Once a father has obtained Parental Responsibility for a child, it is very difficult for this to be taken away from him.
Just to summarise, Parental Responsibility can be obtained by the father if he is married to the mother at the date of birth, they later marry, he is named on the Birth Certificate (if the child was born after 1 December 2003) or is granted Parental Responsibility by agreement or Order of the Court.
A recent case in the Court of Appeal has confirmed that the removal of a father’s Parental Responsibility is unusual. This is more so since the introduction of Child Arrangement Orders and shared parenting arrangements.
In the case in question, the father had been granted Parental Responsibility by agreement with the mother, for the child who was born in 2004.
In 2009, the father pleaded guilty to sexual offences committed on two of the mother’s daughters, which led to his imprisonment. Upon his release, the mother applied to the Court to have the father’s Parental Responsibility terminated. The father applied for a Specific Issue Order asking that the mother send him reports upon the child’s progress on an annual basis.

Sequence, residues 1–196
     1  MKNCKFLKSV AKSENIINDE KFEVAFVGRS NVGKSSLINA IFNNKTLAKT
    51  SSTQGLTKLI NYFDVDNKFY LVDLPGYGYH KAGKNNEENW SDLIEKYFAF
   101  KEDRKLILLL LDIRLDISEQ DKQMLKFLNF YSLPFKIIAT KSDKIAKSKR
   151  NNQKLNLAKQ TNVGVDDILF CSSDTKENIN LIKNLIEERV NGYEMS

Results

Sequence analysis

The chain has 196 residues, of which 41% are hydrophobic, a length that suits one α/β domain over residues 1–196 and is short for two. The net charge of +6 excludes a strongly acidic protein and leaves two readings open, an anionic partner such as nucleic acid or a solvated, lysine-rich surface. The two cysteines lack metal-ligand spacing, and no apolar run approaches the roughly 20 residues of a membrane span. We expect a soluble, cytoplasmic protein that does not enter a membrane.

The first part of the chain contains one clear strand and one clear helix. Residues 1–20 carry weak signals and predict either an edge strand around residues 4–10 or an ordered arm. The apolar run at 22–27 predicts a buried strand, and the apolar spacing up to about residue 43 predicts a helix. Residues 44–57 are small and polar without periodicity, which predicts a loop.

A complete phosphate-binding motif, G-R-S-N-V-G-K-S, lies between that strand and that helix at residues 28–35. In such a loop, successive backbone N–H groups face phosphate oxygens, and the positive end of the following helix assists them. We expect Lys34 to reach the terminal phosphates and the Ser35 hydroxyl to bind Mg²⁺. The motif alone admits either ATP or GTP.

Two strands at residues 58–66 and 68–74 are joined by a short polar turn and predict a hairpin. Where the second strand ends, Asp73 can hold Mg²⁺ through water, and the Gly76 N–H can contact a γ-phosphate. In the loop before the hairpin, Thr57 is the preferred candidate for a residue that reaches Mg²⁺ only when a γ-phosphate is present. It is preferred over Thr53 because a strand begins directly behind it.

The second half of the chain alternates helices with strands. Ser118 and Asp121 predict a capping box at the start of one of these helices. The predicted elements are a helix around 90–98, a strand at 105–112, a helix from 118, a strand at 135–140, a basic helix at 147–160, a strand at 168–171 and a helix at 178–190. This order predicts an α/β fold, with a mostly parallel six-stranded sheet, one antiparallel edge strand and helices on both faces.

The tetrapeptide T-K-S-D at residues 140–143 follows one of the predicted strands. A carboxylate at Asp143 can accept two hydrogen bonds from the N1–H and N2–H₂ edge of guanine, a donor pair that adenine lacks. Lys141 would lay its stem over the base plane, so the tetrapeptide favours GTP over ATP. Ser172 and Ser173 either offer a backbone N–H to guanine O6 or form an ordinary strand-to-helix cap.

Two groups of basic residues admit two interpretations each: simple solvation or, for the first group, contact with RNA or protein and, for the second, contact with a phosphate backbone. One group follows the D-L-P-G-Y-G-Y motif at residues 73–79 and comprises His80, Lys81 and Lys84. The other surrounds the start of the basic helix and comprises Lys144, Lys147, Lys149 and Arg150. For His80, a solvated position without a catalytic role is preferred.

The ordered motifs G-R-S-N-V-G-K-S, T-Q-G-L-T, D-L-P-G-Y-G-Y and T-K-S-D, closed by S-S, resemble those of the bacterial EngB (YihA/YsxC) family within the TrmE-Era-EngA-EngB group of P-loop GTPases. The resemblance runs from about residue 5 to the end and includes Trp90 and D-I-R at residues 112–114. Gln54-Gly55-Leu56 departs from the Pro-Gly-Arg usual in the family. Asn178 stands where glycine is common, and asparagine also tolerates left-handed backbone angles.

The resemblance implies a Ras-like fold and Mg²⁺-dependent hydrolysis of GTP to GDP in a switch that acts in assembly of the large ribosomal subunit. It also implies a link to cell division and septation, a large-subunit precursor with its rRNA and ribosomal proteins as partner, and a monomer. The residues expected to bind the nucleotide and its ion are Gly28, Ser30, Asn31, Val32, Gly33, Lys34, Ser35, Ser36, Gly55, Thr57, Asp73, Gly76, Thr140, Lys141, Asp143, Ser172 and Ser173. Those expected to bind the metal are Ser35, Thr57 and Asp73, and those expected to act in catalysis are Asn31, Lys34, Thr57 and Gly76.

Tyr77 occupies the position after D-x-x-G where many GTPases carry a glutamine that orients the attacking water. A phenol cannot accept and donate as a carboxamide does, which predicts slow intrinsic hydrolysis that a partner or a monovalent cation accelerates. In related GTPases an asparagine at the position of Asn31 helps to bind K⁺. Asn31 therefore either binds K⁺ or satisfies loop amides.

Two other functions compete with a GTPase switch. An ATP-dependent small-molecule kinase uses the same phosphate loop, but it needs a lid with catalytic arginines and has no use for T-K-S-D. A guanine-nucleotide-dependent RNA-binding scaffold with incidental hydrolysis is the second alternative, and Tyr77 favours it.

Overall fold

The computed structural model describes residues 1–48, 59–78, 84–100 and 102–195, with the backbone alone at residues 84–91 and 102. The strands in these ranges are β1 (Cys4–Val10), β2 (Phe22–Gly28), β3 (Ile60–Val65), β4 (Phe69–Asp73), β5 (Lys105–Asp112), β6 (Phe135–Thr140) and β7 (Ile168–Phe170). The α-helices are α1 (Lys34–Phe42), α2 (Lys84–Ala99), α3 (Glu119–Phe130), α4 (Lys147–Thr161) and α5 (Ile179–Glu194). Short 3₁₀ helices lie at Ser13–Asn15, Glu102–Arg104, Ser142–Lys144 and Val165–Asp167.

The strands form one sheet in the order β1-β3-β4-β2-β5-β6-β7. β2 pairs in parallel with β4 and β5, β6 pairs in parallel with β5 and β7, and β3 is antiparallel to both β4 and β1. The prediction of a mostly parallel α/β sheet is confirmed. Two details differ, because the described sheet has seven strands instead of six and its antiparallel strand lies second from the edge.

The Judge granted the mother’s application and refused the father’s. The father then appealed and the Court of Appeal agreed with the previous Judge’s decision. The Court of Appeal concluded that the child had suffered serious emotional harm because of his father’s crimes and that there was a risk of future harm should the father remain involved in his upbringing.
The Court of Appeal agreed with the Judge’s approach to apply the Welfare Checklist and that the child’s welfare was paramount. It was decided that the father would not be able to exercise his Parental Responsibility ‘with responsibility’.
The Court of Appeal wanted to make it clear that this case does not mean that it should be easier to remove a father’s Parental Responsibility. This case was decided upon facts that are unusual and any further cases will be decided upon the particular circumstances and of course the welfare of the child or children concerned.